Bid low, bill high and be paid.
Commissioner Kirk Hewitt, 18 January 2022
At the last Commission meeting, this Commission hired the Testa law firm in Vineland to provide the labor legal advice for the same $15,000 Marmero had been contracted for. I sure hope the Commission informed Testa not to bill one penny more than the $15,000.
The Commission is poised to hire Brock Russell as an in-house lawyer and his paralegal Jeanette Pace as a temporary paralegal. I have no issues with this as I hear it other than I am surprised. Mr. Russell seems to be gining up his private practice for $168,000 annual salary that does not include health benefits. Ms. Pace is only going to earn $5,000 for this temporary work. That is assuredly less than she curently makes at Russell’s law firm. Something doesn’t seem right about this. I am probably not understanding some portion of it. Next year (or more likely when a new Commission is seated) Mr. Russell may not be re-upped. If his private practice is gone, so will be his income.
The public comment portion of the meeting brought Pastor Steve Harris to the lectern. Harris made a good point of the Commission needing to change the narrative in Millville. Generally speaking, I enjoyed what he had to say with one exception. Despite the outdated decor of the Commission chamber, that should not be addressed. The ugly yellow seats are perfectly functional. The Commission has plenty to do without beautifying its own house.
Cindi Cooke spoe and shared that through interviews, 90% of Millville’s homeless admit to some form of mental illness. I thought that was interesting.
Commissioner Romanick also wants to refurbish the Commission chamber. Arggh! He also indicated that Waltman Park has received a $40,000 grant to re-do the basketball courts. Sounds good, but my is that expensive!
Commissioner Hewitt lamented the lack of enthusiasm for 3rd Friday. That coincides with my understanding. There is no buzz at all regarding the event these days. That plays into Pastor Harris’s comments.
Mayor Orndorf ended with expressing a need to change the narrative, a boost for the city’s social media, and an overhaul of the phone system. She mentioned she is not able to contact someone within the city from her phone. That seems most problematic. How can that be?
Counter to many things in my life, I welcome change in government. This evening a new City Commission was seated in the Holly City, including the first female mayor for this town. Tradition has it that the highest vote getter is decided to be mayor, although there is no rule governing that. Congratulations to the commissioners!
Lisa M. Orndorf, Mayor: Director of Public Affairs
Joseph Sooy, Vice Mayor: Director of Revenue & Finance
Benjamin J. Romanik: Director of Parks & Public Property
Charles Kirk Hewitt: Director of Public Safety
Robert McQuade: Director of Public Works
McQuade was not initially elected to the Commission. Longtime commisioner/recent freeholder Jim Quinn was. He actually placed fourth in the voting. Quinn decided not to sit on this commissionn (receiving anf filing Quinn’s letter was the first action this Commission took.). Speculation is that since he was alone on the other side, he bowed out. Some might categorize that as quitting. Whatever it is deemed, I am just fine with Quinn on the sidelines. There are no Democrat shills on this commission. I think that is an improvement for the city.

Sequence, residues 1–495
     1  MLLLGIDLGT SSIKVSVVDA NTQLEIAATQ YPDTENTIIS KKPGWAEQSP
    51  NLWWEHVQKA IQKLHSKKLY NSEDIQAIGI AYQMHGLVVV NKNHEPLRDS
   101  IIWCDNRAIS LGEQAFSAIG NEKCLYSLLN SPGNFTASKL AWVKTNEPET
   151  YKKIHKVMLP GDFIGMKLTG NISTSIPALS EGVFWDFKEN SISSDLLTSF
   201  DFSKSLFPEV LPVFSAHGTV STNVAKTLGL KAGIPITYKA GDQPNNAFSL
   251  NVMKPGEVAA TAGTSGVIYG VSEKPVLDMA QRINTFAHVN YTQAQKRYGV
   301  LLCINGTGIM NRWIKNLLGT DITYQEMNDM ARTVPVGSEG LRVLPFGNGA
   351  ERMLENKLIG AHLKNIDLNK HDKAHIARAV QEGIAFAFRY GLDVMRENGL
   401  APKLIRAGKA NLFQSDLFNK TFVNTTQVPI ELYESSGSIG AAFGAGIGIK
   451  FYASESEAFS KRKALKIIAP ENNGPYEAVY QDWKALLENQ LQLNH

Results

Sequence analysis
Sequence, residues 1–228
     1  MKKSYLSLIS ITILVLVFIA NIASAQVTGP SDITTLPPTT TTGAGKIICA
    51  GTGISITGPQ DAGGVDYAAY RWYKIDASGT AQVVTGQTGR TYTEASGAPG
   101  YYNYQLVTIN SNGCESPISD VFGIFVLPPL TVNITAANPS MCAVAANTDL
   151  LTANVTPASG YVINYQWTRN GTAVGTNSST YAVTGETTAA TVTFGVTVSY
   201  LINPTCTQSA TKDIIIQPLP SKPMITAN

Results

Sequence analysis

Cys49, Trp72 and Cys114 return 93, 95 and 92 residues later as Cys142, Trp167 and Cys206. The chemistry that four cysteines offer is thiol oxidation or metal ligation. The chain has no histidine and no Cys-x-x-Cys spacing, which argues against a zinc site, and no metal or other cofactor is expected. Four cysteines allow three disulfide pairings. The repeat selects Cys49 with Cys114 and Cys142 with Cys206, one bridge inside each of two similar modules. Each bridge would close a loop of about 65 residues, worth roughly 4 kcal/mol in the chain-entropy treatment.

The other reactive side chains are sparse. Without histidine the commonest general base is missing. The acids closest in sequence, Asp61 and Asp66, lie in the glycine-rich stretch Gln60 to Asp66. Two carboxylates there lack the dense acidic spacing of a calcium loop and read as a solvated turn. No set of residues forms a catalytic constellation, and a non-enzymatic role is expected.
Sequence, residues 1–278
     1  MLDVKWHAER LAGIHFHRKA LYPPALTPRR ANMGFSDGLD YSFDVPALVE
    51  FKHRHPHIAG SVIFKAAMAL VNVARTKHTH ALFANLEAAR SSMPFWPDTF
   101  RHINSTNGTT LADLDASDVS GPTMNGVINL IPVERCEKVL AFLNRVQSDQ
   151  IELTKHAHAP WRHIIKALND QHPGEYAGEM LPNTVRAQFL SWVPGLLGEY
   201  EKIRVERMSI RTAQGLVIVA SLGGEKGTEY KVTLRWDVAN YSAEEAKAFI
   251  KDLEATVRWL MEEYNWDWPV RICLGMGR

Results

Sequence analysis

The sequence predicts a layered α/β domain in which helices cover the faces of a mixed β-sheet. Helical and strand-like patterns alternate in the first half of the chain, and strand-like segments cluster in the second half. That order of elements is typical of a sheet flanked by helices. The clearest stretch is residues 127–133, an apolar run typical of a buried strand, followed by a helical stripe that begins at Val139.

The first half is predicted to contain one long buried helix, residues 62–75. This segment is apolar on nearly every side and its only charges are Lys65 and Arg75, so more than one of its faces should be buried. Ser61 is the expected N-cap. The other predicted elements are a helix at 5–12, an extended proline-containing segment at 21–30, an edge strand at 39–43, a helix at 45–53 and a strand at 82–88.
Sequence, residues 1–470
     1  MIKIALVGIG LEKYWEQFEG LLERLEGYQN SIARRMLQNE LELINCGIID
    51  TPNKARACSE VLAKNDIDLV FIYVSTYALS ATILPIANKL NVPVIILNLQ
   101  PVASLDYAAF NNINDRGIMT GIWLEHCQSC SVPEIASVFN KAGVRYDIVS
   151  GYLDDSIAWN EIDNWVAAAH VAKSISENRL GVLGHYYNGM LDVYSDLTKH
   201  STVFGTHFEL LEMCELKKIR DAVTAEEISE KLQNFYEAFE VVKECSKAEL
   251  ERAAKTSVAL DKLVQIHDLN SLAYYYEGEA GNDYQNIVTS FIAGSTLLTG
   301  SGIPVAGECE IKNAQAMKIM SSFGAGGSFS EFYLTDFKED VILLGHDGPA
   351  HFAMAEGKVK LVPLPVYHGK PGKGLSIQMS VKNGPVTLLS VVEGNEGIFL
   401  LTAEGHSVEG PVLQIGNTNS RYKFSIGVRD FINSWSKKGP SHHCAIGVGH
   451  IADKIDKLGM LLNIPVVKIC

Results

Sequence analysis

Orndorf presents herself well. She has no political experience, but from what little I gleaned from the meeting, it seems like she has connections. She invoked her faith several times. I’d rather one not lead with that, but I’ll give her a pass at the outset.
Sooy served previously. He was the two-punch to Lynne Porecca Compari’s one-punch. Tied at the hip, they were both voted out in favor of Cooper and Pepitone. That was a mistake for the city’s residents. Sooy is back and will be the vice mayor. It’ll be interesting to see how he operates here. I suspect he will attempt to play operator with how the Commission procedes. Is he up for the task?
Ben Romanik is young and inexperienced. We’ll see what he does.
Kirk Hewitt has been around this town for a while. It seems I met him and he tried to recruit me into the Republican Party some time ago. Yeah, I am not your guy. I am not sure of his talents. Time will tell.
With Quinn not taking hs seat, there is an opening. The Commission probably did the best thing it could do: it reached out to the sixth placed candidate. That is McQuade. McQuade has wanted to be on the Commission for years. Consider me unimpressed. He has spent the last nine years on the Millville Board of Education. Like Cooper, he ran for City Commission while serving on the School Board. Now that he takes the commissioner’s seat, the school board is left with a vacancy. I don’t think that puts one in the best light. His seat is only until November when there will be an election for the remaining two years. This gambit could shuffle McQuade out of office in his attempt to “move up the ladder.”
Brock Russell was retained as the attorney for the city. He has served well over the years and does not seem to be connected politically to any one party (perhaps I am wrong about that. I also think he’s a fine attorney as I have been pleased with his representation of me. 🙂
Lynne Porreca Compari’s husband was approved as part-time city administrator. There’s little money in this, but this is where the political favors are handed out. Interestingly, Brendan Kavanagh, a lawyer entrenched in Democrat politics was also retained by this Commission.
An ordinance on first reading was introduced to repeal the former Commission’s ordinance regarding the sewer treatment plant. According to Sooy, that ordinance had a rate hike involved in it for commercial properties. Sooy does not think that is warranted at this time. I’ll take his word on it as I do not know the particulars; in general, government should collect less from taxpayers/service users.
A few of the items detailed that this Commission wants to address:
Demolition of old rescue squad
Demolition of Wheaton
UEZ money is oming, start a new corporation to oversee that money
Re-adopt the industrial commission with some structural changes; power to make decisions